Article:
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Governor Kevin Stitt announced the State of Oklahoma is allocating $10 million in federal CARES Act funding to supply Oklahoma schools with PPE (Personal Protective Equipment) in order to open safely for in-person learning.
Joined by Secretary of Human Services and Early Childhood Initiatives Justin Brown and education stakeholders from across the state, Governor Stitt stressed the importance of the health and safety of students and teachers while highlighting the need for schools to resume.
“Schools are an essential part of our society,” said Governor Stitt. “It is critically important that they operate safely and effectively for all students.
“I am committed to providing our schools with the resources and support they need in order to welcome students back to the classroom while also prioritizing their health.”
Based on personnel data and requests from the State Department of Education, the State will be providing the following PPE to Oklahoma schools:
• 1.7 million reusable masks (two per teacher and student)
• 42,000 clear face shields
• 1.2 million pairs of disposable gloves
• 1.2 million disposable gowns.
PPE will be distributed through the Oklahoma Department of Emergency Management to regional warehouses across the state for school districts to pick up— with a goal to deliver PPE by August 14.
In addition, the governor announced Third Amended Executive Order 2020-20, directing the State Health Department to partner with the Oklahoma State Department of Education to develop a plan by August 21 for teachers to be tested for COVID-19 monthly.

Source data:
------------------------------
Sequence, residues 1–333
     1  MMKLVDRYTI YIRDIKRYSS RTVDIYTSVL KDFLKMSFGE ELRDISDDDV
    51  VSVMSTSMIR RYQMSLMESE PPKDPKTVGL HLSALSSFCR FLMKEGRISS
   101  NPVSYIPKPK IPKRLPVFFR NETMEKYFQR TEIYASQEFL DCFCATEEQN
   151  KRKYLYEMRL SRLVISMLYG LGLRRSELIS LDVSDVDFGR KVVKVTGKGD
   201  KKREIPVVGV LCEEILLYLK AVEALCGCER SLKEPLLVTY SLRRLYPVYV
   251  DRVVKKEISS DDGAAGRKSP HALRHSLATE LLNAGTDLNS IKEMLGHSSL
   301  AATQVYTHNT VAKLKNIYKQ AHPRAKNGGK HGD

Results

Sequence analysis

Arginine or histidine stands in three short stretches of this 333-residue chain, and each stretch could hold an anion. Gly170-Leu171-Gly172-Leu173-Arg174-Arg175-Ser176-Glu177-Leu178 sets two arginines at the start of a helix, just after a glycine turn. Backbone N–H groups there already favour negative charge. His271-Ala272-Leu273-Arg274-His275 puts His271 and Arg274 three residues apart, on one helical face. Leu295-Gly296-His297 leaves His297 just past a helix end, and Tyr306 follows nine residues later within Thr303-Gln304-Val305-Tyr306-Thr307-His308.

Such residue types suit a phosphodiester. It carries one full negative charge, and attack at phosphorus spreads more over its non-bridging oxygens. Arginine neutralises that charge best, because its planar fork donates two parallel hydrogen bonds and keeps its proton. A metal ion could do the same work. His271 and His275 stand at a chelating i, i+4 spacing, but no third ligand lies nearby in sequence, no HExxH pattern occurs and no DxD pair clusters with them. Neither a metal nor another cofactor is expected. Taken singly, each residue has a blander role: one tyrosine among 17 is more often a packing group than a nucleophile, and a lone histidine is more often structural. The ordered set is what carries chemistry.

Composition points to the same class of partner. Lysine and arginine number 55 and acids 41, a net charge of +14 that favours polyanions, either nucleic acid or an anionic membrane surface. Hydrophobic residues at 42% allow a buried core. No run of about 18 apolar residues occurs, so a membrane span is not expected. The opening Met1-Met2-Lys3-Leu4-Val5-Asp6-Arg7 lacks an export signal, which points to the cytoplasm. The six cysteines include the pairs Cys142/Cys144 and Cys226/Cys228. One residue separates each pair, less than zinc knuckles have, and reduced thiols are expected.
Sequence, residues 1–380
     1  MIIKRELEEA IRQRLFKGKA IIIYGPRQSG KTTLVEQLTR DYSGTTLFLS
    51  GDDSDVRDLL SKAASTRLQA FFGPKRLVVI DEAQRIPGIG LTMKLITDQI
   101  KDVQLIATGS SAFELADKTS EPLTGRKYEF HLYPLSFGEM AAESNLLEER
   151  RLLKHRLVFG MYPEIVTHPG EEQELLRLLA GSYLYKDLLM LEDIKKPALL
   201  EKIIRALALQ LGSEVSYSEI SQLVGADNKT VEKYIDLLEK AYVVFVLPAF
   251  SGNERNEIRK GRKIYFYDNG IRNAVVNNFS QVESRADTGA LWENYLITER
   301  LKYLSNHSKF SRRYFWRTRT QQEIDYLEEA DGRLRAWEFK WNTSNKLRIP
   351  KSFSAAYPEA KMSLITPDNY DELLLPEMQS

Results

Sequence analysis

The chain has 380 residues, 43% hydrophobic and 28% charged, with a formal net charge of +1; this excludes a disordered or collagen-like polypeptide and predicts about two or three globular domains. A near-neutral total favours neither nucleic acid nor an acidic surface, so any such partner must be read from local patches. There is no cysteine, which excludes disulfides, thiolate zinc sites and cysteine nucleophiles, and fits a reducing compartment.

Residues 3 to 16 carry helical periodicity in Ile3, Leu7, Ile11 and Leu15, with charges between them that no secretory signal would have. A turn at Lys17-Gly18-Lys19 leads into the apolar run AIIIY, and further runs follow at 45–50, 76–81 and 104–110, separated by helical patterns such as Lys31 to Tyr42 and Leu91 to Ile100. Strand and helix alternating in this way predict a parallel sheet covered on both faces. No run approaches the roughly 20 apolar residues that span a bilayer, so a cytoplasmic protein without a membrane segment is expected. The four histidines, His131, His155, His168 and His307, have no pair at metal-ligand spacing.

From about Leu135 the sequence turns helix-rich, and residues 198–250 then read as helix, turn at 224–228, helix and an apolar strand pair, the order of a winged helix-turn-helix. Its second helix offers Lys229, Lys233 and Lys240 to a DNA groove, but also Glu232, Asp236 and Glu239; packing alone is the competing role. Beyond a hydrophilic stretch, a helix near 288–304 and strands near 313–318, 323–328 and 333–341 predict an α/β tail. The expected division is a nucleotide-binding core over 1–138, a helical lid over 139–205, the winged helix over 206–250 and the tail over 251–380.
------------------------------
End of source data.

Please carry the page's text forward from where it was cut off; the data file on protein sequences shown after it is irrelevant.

Governor Stitt and Secretary Brown also discussed the consequences associated with closed schools.
“Sixty percent of Oklahoma students qualify for free and reduced breakfast and lunch, and many consume half of their daily calories at school.
“Our child nutrition workers have done a great job innovating providing meals while schools have been closed, but we know that is not a sustainable long-term strategy to serve all kids,” continued Governor Stitt.
“The lack of in-person instruction keeps students from accessing a variety of important mental health and social services, and it widens achievement gaps across income levels and races that existed before COVID-19. These disparities can worsen and cause serious, hard-to-repair damage to the education of our kids.”
“As important public health decisions are made, there are critical trade-offs that impact the most vulnerable in our communities,” said Secretary Brown. “In times of stress, we all expect that cases of child abuse and neglect to increase.
“The nation is struggling with the fact that actual reports of child abuse and neglect are down dramatically. Teachers play a critical role in recognizing abuse, and it is clear that our kids are not being seen by their teachers.
“In April of 2019, educators reported 767 cases of suspected abuse and neglect. In April of 2020, that number reduced to just 57 cases.”